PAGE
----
We believe at HCPS that RE both supports and strengthens what we aim to do in every aspect of school life. Our caring ethos and the value which we place on the development of the whole child: spiritually, morally, culturally and intellectually is reflected in the RE curriculum. Our vision and educational aims for religious education are to offer a broad and rich curriculum that is ambitious, challenging, enriching and inclusive. This is also in line with the school’s aim to encourage high aspirations in order to maximise children’s progress and to enable all pupils to experience the joy of success.
Our school believes that religious education should provide a contemporary study of religion, preparing children for later life and 'to support pupils' personal search for meaning by engaging enquiry into the question 'what is it to be human?' and by having the opportunity to explore answers offered by religion and belief. The school has adopted the LEA’s Religious Education Policy and: “The Agreed Syllabus for religious education” in the Humber area. The intent is to make sure that children understand the relevance of RE in today’s modern world and how it affects our lives and that the RE curriculum enables pupils to hold balanced and informed conversations about religion and worldviews.
Harvest Festival Assemblies Autumn term 2021.
All of the children from Year 1 to Year 6 were very exited to attend Reverend Tina Stevens special Harvest Assemblies this term, as we were able to sit together in year groups again to listen to a story and to sing a harvest song.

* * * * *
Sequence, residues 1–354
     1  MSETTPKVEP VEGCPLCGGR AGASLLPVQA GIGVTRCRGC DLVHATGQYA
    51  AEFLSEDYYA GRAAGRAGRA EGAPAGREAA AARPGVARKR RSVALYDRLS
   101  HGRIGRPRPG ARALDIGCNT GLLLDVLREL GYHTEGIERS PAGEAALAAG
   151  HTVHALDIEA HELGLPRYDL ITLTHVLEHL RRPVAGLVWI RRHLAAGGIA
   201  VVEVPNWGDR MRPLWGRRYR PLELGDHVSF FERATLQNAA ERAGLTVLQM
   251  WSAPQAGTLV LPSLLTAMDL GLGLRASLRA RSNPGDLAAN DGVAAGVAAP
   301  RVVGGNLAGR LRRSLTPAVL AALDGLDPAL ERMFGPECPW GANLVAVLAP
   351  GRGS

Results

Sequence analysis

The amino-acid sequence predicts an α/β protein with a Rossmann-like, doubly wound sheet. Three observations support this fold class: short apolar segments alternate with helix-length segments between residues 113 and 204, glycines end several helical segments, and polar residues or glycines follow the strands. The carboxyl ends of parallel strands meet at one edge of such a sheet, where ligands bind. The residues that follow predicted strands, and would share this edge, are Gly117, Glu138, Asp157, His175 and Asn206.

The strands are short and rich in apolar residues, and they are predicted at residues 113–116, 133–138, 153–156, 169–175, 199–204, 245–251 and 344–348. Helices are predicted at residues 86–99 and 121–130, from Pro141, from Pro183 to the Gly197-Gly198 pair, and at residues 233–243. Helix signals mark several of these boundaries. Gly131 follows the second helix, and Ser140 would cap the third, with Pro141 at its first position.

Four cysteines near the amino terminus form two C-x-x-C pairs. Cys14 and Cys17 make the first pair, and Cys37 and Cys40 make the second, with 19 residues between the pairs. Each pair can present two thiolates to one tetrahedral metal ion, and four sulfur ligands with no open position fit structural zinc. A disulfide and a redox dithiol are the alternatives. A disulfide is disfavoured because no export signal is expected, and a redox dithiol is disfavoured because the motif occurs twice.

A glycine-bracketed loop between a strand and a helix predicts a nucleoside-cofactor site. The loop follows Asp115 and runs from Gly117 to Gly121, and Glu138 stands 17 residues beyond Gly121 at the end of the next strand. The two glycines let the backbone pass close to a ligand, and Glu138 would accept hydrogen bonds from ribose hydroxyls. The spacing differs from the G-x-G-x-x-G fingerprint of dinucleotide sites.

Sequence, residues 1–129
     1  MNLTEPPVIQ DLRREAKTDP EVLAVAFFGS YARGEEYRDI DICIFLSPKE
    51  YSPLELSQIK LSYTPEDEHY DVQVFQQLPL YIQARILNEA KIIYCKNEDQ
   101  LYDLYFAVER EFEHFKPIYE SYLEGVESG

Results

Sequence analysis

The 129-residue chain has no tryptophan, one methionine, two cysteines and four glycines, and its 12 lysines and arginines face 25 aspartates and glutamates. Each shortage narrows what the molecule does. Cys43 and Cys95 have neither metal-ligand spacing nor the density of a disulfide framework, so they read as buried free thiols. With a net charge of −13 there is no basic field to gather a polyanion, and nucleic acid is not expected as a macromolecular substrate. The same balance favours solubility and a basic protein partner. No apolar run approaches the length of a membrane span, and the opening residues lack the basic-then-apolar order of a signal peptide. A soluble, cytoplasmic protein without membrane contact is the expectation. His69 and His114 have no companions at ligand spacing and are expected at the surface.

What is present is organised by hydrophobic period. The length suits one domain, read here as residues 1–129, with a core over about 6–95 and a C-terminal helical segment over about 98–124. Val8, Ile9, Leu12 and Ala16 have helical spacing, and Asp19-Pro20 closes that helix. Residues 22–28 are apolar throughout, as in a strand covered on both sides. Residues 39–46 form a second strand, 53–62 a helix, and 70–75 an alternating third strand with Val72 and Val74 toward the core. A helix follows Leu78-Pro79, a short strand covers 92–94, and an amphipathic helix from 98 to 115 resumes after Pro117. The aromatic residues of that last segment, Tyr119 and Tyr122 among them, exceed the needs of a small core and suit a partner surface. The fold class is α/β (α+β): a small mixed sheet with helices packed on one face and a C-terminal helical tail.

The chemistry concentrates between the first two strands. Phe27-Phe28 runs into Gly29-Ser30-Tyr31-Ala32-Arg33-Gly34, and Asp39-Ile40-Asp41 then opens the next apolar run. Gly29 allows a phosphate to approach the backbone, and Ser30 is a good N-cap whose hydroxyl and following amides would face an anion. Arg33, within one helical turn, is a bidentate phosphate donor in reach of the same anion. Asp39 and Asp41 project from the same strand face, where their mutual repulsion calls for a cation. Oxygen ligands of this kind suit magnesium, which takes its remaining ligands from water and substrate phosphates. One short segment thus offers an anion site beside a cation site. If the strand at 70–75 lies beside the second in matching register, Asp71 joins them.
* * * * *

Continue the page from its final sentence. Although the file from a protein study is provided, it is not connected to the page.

Rev Tina had given us all a small leaf before the assembly so we could write something that 'makes us happy' on it. We enjoyed waving them in the air at the end of the assembly.
Year 4 also enjoyed an additional Assembly where Rev Tina helped us understand what 'belonging' to a faith means and how we all 'belong' to the World and to each other.
Once again the children and parents/carers of Hornsea Community Primary School have very kindly donated lots of different food for our Harvest collection and Hornsea Food bank.
RE from EYFS to Year 6 Autumn term 2021.
As Christmas concerts were cancelled this year due to Covid 19 each class was encouraged to design their own Christmas greeting to send to parents.
Some classes chose to do individual greetings as pupils wished everyone Happy Christmas one by one. Year 3 enjoyed making special Makaton Christmas Carol video greetings for parents this year by learning sign language. Some children acted out the 'Lock-down days of Christmas' Some children also made a shadow puppet version of The Nativity story. The whole school was also able to listen to a very special live-link to St Nicholas church and the Rev Tina as she told us all about the meaning of Christingle is a 'Live Assembly' Some classes made Christingles as she spoke.
Year 3 were very pleased this year to be invited to join Beverley Minster and St Mary's Beverley for their outdoor Advent Calendar. All three of the classes painted angels baubles or lights to add to a Christmas tree board which was placed on show on December 5th outside Beverley Minster.